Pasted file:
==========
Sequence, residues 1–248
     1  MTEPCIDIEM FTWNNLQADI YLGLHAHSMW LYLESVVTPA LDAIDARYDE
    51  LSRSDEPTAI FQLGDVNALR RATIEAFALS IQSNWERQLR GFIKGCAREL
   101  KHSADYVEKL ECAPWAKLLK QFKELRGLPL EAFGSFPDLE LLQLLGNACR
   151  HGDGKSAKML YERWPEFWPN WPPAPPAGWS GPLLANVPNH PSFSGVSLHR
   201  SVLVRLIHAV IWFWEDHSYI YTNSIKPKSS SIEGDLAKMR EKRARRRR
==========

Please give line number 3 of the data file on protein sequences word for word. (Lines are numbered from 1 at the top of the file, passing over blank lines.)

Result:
    51  LSRSDEPTAI FQLGDVNALR RATIEAFALS IQSNWERQLR GFIKGCAREL